If the market for farmed product continues to strengthen in this country, the protections for the Bristol Bay watershed and the many individuals who run boats, or in other words, the small business owners who fish there will begin to diminish. The risks this would entail cannot be overstated. Any reduction in Bristol Bay protections will give way to the potentially imminent threat of Pebble Mine. Pebble is a proposed copper mine at the headwaters of the Bristol Bay fishery that would be the largest open pit mine in North America. This investment could end the world’s last great all-natural salmon run — and more importantly, threaten the subsistence lifestyle of Alaskan Natives whose rivers we fish on. In 2014, the tailings pond of British Columbia’s Mt Poully mine leaked an estimated 6.6 billion gallons of toxic mine waste and wastewater to flow into the Fraser River watershed, which is a significant Canadian salmon river. The Mt Poulley mine spans 75 square miles; the corporation behind the Bristol Bay project is applying for permits including an area up to 186 square miles, with the main deposit being just 15 miles from a large fault line in a region already known for its earthquakes. The Pebble Partnership originally contracted the same engineering firm that designed the Mt. Polley tailings system for this project. The need for consumer support of wild salmon is at its peak today, because without it, current administration can too easily pave the way for a mining project that would decimate the last frontier.
I cannot lie; my proclamation that salmon can be a strong contributive factor in well-being and environmental solutions is personal. I have found a home on the Alaska coastline, among tobacco-chewing and hardwork-loving fishermen, among folks who know how to make a restorative meal right out of the ocean with only a pot of fresh water and salt. Among the swollen fingers and tired backs — a sign of a hard day’s work; the blessings — in brutal disguises, of currents and winds; the disconnect from the day to day hustle — an opportunity to rearrange priorities, sometimes daily. The people whom I’ve come to know and love rely on the fish to feed each other and to make a living. Living among them, I have fallen in and out of love in Bristol Bay, with Bristol Bay.
I can’t deny that this message of hope and forward progress I’m sharing with you, should you hear it and carry it with you, will serve me. If you go home today and decide to start eating more wild salmon, to ask the server where the fish is really from, and to read a bit further about Pebble Mine, it will benefit me and the fishermen I know and love. My hope, though, is that it serves you well also. Choosing to eat in a sustainably responsible fashion will improve your health physically. It will fill you with Omega-3s and good protein. A diet full of the highly unsaturated omega-3 fatty acids is believed to not only support hearth health but also prevent macular degeneration, reduce the risk of depression and other mental illness by supporting brain health. Sockeye, or red, salmon is the most common species and contains 1,200 mg of these important nutrients in each serving.
Additionally, however, I believe that making responsibly sustainable choices will support more than one’s physical health. A President wiser than our current, Abraham Lincoln said, “When I do good, I feel good; When I do bad, I feel bad. And that is my religion.” Intentionally choosing to fill your belly and your loved ones’ plates with a wild food, whose story you know, will also fill up your heart and satisfy that warm feeling in our chests for which we humans are always searching. By eating wild Alaska salmon, you are participating and investing in a culture of hardworkers who love the natural world enough to go off the grid each summer and lose their autonomy to the cycles of the salmon. This culture is so strong that each year there’s an annual gathering of Fisher Poets, where fishermen come together in the off- season to celebrate the commercial fishing industry and community and grapple with their spirituality they’ve found in killing so many fish.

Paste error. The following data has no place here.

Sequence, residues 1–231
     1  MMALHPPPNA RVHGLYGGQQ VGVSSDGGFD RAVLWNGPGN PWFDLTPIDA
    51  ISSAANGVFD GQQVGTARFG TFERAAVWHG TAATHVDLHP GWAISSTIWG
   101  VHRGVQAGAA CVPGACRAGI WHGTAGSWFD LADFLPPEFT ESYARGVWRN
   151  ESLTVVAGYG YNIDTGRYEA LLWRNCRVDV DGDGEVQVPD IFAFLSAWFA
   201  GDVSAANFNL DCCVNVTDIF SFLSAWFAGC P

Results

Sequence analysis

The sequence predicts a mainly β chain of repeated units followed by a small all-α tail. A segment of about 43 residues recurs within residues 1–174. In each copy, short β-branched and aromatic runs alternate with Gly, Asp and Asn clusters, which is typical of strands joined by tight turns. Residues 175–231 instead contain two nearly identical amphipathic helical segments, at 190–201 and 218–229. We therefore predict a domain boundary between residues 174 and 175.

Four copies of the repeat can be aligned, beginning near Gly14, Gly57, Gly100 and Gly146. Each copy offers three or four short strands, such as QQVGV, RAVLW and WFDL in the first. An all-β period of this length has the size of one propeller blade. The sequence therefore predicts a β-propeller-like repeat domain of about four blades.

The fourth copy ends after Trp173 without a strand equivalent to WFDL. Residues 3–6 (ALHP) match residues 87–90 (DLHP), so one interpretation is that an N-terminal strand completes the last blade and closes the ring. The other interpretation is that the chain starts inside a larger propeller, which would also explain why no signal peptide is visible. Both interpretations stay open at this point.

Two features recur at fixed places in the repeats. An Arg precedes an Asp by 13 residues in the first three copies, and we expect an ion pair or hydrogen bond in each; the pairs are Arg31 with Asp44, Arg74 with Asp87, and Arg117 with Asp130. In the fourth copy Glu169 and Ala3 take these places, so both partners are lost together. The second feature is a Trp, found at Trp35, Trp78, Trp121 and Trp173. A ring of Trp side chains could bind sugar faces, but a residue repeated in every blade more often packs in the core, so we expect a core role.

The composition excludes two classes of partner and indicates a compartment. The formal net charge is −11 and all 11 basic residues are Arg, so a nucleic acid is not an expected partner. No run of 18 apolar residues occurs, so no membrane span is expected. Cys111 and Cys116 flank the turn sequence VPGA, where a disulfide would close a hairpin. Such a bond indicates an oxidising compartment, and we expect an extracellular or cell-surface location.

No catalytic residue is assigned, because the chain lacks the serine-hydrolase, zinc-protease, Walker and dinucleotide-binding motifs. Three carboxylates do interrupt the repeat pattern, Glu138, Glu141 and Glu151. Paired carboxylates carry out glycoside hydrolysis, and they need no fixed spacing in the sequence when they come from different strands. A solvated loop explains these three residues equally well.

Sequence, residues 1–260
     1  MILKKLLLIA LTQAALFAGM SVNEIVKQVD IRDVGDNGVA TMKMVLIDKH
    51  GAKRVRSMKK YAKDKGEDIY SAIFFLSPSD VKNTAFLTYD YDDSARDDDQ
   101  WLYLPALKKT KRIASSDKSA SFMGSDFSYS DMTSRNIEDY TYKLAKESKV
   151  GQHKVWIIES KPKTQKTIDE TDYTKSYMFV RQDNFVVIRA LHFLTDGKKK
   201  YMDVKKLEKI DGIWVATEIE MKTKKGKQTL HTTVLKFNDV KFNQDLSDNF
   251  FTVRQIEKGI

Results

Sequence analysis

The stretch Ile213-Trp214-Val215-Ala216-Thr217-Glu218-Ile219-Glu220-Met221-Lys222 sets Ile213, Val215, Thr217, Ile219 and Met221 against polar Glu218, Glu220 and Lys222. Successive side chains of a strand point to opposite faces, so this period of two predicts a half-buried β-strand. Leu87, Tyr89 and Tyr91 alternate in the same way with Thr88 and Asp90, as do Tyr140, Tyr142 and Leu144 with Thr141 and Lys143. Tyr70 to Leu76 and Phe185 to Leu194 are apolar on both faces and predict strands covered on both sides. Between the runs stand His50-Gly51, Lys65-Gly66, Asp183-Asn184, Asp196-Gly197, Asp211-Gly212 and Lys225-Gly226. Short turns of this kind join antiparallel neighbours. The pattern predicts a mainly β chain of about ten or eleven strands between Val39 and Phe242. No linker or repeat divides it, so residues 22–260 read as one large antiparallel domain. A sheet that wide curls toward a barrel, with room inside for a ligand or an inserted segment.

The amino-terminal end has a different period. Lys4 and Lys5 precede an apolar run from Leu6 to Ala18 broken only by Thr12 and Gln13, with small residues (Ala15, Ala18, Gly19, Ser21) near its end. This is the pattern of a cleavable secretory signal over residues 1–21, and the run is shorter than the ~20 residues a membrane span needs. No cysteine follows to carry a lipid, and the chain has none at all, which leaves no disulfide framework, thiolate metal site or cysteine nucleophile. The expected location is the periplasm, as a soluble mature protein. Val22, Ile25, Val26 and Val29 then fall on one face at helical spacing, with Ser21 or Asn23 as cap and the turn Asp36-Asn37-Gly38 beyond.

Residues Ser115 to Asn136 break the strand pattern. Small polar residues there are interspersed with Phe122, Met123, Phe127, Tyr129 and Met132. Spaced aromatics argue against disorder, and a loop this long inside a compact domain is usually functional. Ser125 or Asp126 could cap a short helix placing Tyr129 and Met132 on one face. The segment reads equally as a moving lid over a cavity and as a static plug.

I know this may sound hokey for some of your tastes; I agree that it is just dead fish after all. However, what I’m trying to stress is that the extra effort or the extra dollar is adding not only a healthy protein to your plate, but a healthy relationship to your life. Know your fisherman! I know wild Alaska salmon is not the easiest choice here on the east coast, although many of us within the industry are working on that, but when you get the chance, please take it. If I haven’t convinced you yet, the farmed option more readily available here in the east is inferior. We are not very good at fish farming, yet. There are some exceptions, of course, but hundreds of years ago while our species was learning to farm the earth — to plant potatoes and harvest wheat, we were also learning to fish. We were not building fish meal recipes or hatcheries. We did not need to. In the case of salmon, here in the U.S., we still do not need to do it that way. And if you’re worried about food miles, work directly with a direct marketer who does their own processing, because it is unfortunately true that plenty of Alaska seafood is shipped to Asia for processing whole and then shipped back to the U.S. in a neater, cleaner, recognizable package for the American consumer — salmon burgers, nuggets, etc.
Blessed enough to have been raised on the water, seafood is no foreign concept to me and a fishy smell, well, smells just like home. If I convinced you of anything in the past several minutes, I imagine you can relate, but we need to remember that much of the country is still uncomfortable with seafood. I implore you to eat salmon, but more importantly, I implore you to send recipes to your Midwest cousins and to take your land-locked grandmother out to dinner, here on the coast.
Well, everyone, it’s really nice to be home. I’ve gotten good at vagabonding and traveling since I’ve left here, and what I’ve found is home at dinner tables, in meals. If you are fortunate enough to be able to curate these things in your home, create home with intentional eating, make the selfish act of eating altruistic. Find someone who loves what they grow, harvest, or catch, more than you realized possible, and get to know them through a dinner plate.